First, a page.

October 18, 2018
Philadelphia's draft-night trade of Mikal Bridges was met with polarized reactions in late June. Fans of the Villanova product were outraged at how the Sixers treated a hometown kid, while those more concerned with championship contention lauded their ability to get a high-upside player in Zhaire Smith alongside a valuable first-round pick.
One of those things remains true, but the value of one of Philadelphia's most movable future assets has already taken a hit in the span of four months.
ESPN's Jonathan Givony had a major report on Thursday afternoon, detailing a new plan from the NBA's G-League to incentivize high-school players to forego college and play in the league's feeder system. Some of the changes outlined in Givony's report are significant:
Just one man's opinion, but this is obviously a great step from the league that offers players an alternative to going one-and-done at a college program of their choice. My immediate thought was that it may also provide them cover if they decide they want to keep the one-and-done rule in place, under the guise of players "having options," which would be a decidedly cynical way to protect teams against their own future mistakes.
But of more immediate relevance to the Sixers was a subsequent report from ESPN's Adrian Wojnarowski, who revealed details from an internal memo sent to NBA teams.
The NBA informed teams no changes to allow HS players into Draft will happen prior to 2022, sources tell ESPN. NBA/NBPA have been negotiating to change age eligibility to 18. HS players could already go directly into G-League -- it’s just now elite can make $125K instead of $35K.— Adrian Wojnarowski (@wojespn) October 18, 2018
So how does this impact the Sixers? Well, some of the value of the pick they acquired from Miami in 2021 rested on the belief that changes to the one-and-done system were a possibility in that year. With the best high-school prospects in the country theoretically joining the one-and-done players of the previous class and other top amateur players around the world, unprotected first-round picks for that first draft all gained in value.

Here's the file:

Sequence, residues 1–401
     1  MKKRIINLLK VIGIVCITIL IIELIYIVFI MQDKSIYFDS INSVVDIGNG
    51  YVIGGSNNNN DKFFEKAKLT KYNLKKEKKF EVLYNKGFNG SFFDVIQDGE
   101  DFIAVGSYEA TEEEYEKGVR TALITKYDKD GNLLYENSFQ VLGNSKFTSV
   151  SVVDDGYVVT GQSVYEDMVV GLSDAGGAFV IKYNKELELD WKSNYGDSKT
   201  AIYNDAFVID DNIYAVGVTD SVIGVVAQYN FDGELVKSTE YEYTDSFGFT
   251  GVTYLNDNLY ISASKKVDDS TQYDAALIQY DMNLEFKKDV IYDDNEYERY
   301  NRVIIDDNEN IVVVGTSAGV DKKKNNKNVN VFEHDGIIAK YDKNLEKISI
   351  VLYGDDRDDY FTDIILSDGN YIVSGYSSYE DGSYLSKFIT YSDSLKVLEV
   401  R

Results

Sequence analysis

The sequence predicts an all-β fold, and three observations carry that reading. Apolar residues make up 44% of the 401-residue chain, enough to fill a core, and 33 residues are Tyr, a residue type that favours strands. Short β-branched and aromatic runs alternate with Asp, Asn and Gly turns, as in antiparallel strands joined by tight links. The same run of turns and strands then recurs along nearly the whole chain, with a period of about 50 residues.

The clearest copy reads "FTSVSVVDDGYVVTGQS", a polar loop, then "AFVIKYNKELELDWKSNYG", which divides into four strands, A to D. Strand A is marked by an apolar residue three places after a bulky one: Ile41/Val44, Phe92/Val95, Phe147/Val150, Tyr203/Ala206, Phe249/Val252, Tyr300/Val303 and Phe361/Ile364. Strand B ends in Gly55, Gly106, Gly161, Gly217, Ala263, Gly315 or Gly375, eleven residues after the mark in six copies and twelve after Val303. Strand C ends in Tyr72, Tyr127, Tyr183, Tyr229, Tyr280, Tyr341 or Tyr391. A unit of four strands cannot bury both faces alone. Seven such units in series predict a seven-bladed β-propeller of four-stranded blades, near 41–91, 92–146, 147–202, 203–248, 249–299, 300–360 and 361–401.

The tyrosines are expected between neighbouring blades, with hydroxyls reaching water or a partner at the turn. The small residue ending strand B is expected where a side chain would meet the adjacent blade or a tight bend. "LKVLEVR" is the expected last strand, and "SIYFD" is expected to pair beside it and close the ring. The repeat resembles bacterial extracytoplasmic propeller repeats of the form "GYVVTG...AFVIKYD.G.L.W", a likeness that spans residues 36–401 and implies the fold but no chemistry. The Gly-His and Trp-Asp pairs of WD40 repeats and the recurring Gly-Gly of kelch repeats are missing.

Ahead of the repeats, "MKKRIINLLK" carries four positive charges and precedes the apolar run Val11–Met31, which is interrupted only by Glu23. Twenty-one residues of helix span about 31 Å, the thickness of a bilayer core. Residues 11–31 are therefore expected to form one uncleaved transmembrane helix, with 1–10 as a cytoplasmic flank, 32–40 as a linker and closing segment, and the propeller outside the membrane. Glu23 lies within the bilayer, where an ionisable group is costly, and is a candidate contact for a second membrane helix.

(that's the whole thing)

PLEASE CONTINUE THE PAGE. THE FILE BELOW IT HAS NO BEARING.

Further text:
And the 2021 date was not all just speculation. According to a January report from ESPN's Zach Lowe, a league memo from that time period indicated that eligibility rules could shift as early as 2021:
The NBA on Friday sent teams a memo indicating that "eligibility rules" for the draft may shift as early as 2021 (but no earlier) as the league reviews issues "related to player development and the corruption investigation in college basketball," according to a copy of the memo obtained by ESPN.
The memo does not mention the one-and-done rule by name, but it is meant to remind teams that the league and the players union could agree to scrap one-and-done before the expiration of the current collective bargaining deal in 2024 -- and perhaps well before then, sources say. The memo says that, as of now, the league does not expect changes in draft eligibility rules to take place at any time "prior to the 2021 or 2022 draft."
The NBA has now apparently taken the guesswork out of this, removing 2021 as a possibility for the removal of the one-and-done rule. So that possibility of two classes combining to provide a much deeper talent pool for the 2021 draft is now off the table, and the pick owed to the Sixers by Miami (via Phoenix) has taken a hit in value.
It is still an important trade chip in Philadelphia's arsenal, and no one should turn their nose up at an unprotected first-round pick of any kind. Many bemoaned trading the present value of Bridges for Smith's upside and a future pick, but Bridges is currently outside of the rotation in Phoenix and played just over 11 seconds of game time in their opener against a bad Dallas team. The player-for-player value will take a while to determine, especially with Smith on the shelf.
The Miami pick was not their sticking point in trade discussions this past offseason, from my understanding, but teams that negotiate with Philadelphia can now confidently say part of the pick's allure is gone. It's another hit to the Sixers' asset portfolio, which feels even worse after a summer in which the franchise held back on big moves to bet on making something happen down the road.
The pick's value now rests on how good or bad the Heat are down the road. Their future doesn't look bright at the moment, but given the franchise's reputation to put a competitive product on the floor at any and all costs — and the lack of incentive to lose when they don't own their own pick — that's a dicey proposition.
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